ANI also insists that Green Jacket Auctions has damaged the club’s brand through misleading statements contained in the defendant’s advertisements.
Along those lines, Green Jacket Auctions offers a very different account of Augusta National’s celebrated history of the green jacket. According to Green Jacket Auctions’ website, “the actual truth” of Augusta’s policy that green jackets “are not allowed to leave the hallowed grounds of Augusta National Golf Club” is much less storied than the club lets on. Indeed, the auction house asserts on its website that “most early green jackets were discarded or destroyed in an era when they were merely seen as a symbolic garment, not a significant piece of golf history.” Green Jacket Auctions also claims that it has reviewed ANI’s “internal records” and found that the club no longer owns any green jackets that were produced before 1967.
In response, ANI contends Green Jacket Auctions statements are “false” and “intended to falsely and improperly bolster Defendant’s reputation by implying that it has an ability to review private, internal records of ANI and to obtain items which ANI cannot.”
ANI further charges that Green Jacket Auctions is selling a counterfeit “Augusta National Golf Club Sterling Silver and 14k Gold Belt Buckle.” ANI stresses that the item creates an impression of a false association between ANI and a fake belt. This impression dilutes the value of ANI’s trademarks, which are designed to distinguish ANI’s actual goods from impostors and counterfeits.
The battle ahead over ownership

So where will the lawsuit lead?
The law normally compels persons in possession of stolen goods to return them to their rightful owner. However, when a good has been out of possession for a long time and its true owner failed to make reasonable efforts to find it, the good might not be ordered returned.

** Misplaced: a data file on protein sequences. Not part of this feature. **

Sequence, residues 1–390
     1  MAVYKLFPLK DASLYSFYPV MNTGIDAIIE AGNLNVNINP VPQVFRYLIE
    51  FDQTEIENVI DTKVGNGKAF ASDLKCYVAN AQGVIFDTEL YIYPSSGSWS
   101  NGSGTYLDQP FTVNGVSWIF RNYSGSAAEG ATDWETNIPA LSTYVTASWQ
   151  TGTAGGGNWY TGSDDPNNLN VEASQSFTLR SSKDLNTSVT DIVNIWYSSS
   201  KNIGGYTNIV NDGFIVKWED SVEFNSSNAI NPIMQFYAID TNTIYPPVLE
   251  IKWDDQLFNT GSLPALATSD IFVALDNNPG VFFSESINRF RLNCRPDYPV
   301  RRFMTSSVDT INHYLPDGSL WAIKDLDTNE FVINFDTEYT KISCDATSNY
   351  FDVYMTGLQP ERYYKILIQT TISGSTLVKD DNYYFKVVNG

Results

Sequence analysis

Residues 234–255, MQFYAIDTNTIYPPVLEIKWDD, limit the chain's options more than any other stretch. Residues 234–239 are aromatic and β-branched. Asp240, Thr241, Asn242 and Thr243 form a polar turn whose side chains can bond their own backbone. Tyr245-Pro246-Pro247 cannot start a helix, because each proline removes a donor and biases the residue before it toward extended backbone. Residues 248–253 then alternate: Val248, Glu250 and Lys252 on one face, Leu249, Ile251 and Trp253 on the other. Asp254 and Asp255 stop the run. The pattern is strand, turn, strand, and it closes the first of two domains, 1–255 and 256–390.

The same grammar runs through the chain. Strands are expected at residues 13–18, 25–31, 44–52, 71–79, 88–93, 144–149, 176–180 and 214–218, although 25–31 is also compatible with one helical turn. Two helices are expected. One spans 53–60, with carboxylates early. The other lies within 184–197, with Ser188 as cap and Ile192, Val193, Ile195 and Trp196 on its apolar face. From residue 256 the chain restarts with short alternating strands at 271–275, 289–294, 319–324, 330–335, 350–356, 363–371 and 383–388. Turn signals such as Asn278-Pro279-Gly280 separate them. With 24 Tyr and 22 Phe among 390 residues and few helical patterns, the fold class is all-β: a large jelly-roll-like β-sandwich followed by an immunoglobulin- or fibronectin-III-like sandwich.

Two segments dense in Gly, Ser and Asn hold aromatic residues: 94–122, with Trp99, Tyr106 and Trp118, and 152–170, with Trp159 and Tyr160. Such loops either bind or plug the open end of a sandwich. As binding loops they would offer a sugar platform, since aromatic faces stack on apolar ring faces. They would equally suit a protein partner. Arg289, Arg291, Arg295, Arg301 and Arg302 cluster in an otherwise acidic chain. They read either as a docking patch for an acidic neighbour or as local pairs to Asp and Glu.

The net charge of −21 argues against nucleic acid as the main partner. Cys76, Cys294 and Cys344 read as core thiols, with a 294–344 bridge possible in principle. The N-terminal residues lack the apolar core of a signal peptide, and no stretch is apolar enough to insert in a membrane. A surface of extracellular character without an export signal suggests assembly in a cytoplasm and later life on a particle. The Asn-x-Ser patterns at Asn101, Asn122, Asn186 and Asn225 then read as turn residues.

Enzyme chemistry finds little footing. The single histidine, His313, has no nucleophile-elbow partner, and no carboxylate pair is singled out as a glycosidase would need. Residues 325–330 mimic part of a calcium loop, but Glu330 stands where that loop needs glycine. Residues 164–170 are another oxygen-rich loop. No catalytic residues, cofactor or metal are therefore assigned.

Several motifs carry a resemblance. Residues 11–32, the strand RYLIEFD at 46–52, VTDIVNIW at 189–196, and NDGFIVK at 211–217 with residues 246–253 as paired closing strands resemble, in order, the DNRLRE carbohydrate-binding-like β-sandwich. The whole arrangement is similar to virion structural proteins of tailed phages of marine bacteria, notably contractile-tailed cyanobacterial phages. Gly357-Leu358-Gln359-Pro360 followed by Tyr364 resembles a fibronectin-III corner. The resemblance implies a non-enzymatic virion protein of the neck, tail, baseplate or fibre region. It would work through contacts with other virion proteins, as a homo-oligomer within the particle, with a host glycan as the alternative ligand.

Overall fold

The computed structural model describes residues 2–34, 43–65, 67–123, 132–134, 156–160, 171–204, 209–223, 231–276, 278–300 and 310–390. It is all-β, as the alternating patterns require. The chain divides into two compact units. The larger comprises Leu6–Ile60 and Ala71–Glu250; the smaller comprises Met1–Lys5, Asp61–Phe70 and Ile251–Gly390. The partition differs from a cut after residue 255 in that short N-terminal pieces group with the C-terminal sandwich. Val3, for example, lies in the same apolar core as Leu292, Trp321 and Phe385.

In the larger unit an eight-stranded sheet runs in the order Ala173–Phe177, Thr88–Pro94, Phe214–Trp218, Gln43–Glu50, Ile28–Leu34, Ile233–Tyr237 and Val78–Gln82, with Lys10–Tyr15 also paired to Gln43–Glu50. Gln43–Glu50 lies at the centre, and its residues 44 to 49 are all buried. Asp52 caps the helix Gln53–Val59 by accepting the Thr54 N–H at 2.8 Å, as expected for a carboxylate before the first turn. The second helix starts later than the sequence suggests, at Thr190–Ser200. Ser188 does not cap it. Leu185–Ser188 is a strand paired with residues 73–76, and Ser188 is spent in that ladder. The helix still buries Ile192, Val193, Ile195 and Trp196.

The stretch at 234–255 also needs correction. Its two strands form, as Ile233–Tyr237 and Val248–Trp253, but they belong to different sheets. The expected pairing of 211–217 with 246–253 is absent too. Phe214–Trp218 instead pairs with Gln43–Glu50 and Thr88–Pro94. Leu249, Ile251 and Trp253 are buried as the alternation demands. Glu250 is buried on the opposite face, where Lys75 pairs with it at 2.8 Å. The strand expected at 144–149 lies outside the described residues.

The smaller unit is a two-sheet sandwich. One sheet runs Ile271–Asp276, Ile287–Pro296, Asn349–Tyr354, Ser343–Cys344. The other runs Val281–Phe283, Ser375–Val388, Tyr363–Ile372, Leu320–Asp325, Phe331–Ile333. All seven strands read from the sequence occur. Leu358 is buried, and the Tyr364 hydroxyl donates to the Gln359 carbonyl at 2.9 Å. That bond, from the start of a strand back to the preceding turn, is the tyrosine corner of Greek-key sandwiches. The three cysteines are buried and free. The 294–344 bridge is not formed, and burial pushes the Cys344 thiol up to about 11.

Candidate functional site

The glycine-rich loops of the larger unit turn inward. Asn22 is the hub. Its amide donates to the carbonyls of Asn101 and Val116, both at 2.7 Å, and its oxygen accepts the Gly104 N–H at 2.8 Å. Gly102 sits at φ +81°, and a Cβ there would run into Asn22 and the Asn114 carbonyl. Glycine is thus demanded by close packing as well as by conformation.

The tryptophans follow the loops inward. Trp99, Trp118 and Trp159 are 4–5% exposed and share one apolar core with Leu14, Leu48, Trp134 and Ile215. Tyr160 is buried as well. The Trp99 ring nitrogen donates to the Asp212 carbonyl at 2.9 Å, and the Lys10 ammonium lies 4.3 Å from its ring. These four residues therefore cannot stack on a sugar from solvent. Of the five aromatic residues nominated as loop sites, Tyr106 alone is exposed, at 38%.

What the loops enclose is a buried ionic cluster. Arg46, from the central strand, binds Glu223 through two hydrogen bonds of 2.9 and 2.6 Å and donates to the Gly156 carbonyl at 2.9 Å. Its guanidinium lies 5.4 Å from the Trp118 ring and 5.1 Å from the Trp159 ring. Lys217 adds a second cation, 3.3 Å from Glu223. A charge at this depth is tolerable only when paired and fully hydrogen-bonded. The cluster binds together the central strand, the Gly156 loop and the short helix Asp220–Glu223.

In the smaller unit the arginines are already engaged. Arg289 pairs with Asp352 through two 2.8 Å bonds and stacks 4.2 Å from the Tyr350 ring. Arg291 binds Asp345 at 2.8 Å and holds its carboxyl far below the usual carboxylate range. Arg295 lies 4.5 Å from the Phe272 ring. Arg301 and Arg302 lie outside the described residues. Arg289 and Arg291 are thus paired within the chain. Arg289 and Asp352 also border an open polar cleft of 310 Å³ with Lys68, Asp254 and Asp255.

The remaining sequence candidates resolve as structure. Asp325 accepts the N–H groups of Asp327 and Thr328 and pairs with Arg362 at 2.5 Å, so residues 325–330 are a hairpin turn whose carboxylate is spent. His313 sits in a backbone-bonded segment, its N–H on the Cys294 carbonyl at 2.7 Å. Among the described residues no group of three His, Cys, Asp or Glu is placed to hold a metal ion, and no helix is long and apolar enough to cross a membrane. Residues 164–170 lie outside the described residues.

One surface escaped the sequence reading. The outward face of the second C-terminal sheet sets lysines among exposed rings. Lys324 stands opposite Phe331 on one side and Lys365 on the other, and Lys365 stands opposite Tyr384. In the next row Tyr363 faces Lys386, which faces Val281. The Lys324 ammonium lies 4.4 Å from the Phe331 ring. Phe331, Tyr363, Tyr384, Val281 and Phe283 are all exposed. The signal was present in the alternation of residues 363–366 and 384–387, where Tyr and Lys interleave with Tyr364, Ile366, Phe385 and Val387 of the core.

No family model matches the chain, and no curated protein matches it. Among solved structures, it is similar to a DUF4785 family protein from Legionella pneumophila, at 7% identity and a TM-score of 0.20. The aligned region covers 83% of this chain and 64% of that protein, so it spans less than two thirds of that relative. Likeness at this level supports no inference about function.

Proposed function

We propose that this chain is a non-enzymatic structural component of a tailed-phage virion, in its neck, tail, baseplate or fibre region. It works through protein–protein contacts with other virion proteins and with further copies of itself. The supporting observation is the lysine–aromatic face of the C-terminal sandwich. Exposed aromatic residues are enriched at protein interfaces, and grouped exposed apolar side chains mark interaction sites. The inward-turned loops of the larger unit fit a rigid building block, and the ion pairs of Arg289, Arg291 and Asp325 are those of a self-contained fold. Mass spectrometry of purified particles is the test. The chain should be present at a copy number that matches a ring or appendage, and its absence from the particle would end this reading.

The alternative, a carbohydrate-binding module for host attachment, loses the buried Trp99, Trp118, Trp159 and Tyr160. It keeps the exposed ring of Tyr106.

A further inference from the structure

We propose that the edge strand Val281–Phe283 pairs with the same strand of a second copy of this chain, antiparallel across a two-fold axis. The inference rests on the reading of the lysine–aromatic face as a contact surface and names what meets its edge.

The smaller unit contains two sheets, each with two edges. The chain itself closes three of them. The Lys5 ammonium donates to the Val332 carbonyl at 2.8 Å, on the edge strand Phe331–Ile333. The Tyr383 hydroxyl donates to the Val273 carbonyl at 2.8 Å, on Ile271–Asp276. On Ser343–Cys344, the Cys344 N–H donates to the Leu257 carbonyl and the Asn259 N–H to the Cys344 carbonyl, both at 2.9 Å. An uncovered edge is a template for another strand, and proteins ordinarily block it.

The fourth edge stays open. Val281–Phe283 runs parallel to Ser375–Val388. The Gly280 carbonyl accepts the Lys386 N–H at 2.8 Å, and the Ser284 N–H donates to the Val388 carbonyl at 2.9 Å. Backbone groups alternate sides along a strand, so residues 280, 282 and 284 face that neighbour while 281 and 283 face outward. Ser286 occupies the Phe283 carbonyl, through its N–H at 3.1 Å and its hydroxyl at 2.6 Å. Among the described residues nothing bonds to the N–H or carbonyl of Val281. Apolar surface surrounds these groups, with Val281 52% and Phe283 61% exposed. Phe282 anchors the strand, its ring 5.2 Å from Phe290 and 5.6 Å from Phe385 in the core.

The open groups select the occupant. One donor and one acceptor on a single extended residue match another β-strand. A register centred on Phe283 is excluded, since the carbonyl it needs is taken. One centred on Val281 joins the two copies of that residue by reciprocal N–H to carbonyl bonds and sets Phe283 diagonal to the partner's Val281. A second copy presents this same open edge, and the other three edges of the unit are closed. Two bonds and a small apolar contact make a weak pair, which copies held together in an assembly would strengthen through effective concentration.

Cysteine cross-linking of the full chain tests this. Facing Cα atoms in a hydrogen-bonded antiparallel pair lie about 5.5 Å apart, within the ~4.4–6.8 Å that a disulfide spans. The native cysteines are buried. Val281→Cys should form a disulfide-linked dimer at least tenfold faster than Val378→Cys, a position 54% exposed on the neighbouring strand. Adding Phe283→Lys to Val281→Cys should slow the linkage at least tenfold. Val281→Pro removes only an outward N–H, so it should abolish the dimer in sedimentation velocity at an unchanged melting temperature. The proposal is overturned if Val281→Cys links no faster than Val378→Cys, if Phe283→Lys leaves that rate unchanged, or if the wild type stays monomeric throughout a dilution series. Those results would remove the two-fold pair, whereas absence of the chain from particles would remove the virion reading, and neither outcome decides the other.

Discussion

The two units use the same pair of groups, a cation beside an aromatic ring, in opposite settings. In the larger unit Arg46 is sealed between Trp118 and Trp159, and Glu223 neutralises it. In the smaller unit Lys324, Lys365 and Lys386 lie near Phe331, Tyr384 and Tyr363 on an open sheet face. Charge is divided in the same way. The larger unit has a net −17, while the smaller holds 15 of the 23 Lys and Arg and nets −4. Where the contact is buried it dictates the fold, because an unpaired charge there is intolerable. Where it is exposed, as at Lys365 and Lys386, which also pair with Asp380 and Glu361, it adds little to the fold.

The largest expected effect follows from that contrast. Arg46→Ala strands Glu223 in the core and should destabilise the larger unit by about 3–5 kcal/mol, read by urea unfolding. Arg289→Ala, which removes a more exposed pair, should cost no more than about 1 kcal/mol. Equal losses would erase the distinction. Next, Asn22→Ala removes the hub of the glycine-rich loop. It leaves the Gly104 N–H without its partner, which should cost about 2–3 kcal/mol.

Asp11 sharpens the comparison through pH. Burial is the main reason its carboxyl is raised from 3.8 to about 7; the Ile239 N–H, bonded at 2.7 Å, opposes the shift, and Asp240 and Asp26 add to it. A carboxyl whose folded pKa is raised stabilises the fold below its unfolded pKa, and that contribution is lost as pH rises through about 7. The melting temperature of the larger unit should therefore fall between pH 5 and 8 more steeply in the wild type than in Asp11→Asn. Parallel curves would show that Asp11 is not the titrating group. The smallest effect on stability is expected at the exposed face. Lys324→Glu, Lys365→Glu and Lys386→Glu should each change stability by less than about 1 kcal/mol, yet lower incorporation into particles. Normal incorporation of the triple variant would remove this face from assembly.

Whether these points prove relevant here remains to be seen. But consider Nelson’s jacket from 1966. According to ANI, the jacket was stored at ANI as of 2009. ANI insists that it retains title in the jacket and Green Jacket Auctions must therefore return it.
To rebut that point, Green Jacket Auctions might contend that ANI may have had a duty to check its physical inventory more often. Had it performed another inspection not long after 2009, perhaps Nelson’s jacket would have been retrieved from whomever took it and Green Jacket Auctions would have never purchased it (assuming Green Jacket Auctions bought the jacket). Along those lines, Green Jacket Auctions could assert that an item being out of ANI’s possession for eight years diminishes ANI’s interest in the item.
Green Jacket Auctions might also inquire as to whether ANI notified the police about missing items. If the answer is no, Green Jacket Auctions will demand to know why. The auction house might also claim that ANI is simply trying to scare off potential buyers with the auction approaching. Those buyers might now believe there is clouded ownership over the items and thus offer less in an auction bid.
It’s unclear how Green Jacket Auctions came about the items set for auction. If purchased from a reputable dealer, Green Jacket Auctions would have a stronger argument that it acted in good faith. But buying stolen goods in “good faith” doesn’t ensure that the goods won’t be ordered returned to their true owner.
Green Jacket Auctions’ business model appears designed to take on ANI’s traditions and make coveted golf items available to consumers. It will be interesting to see how Judge Hall connects that business model with the law.
Michael McCann is Sports Illustrated and GOLF’s legal analyst and the associate dean for academic affairs at the University of New Hampshire School of Law.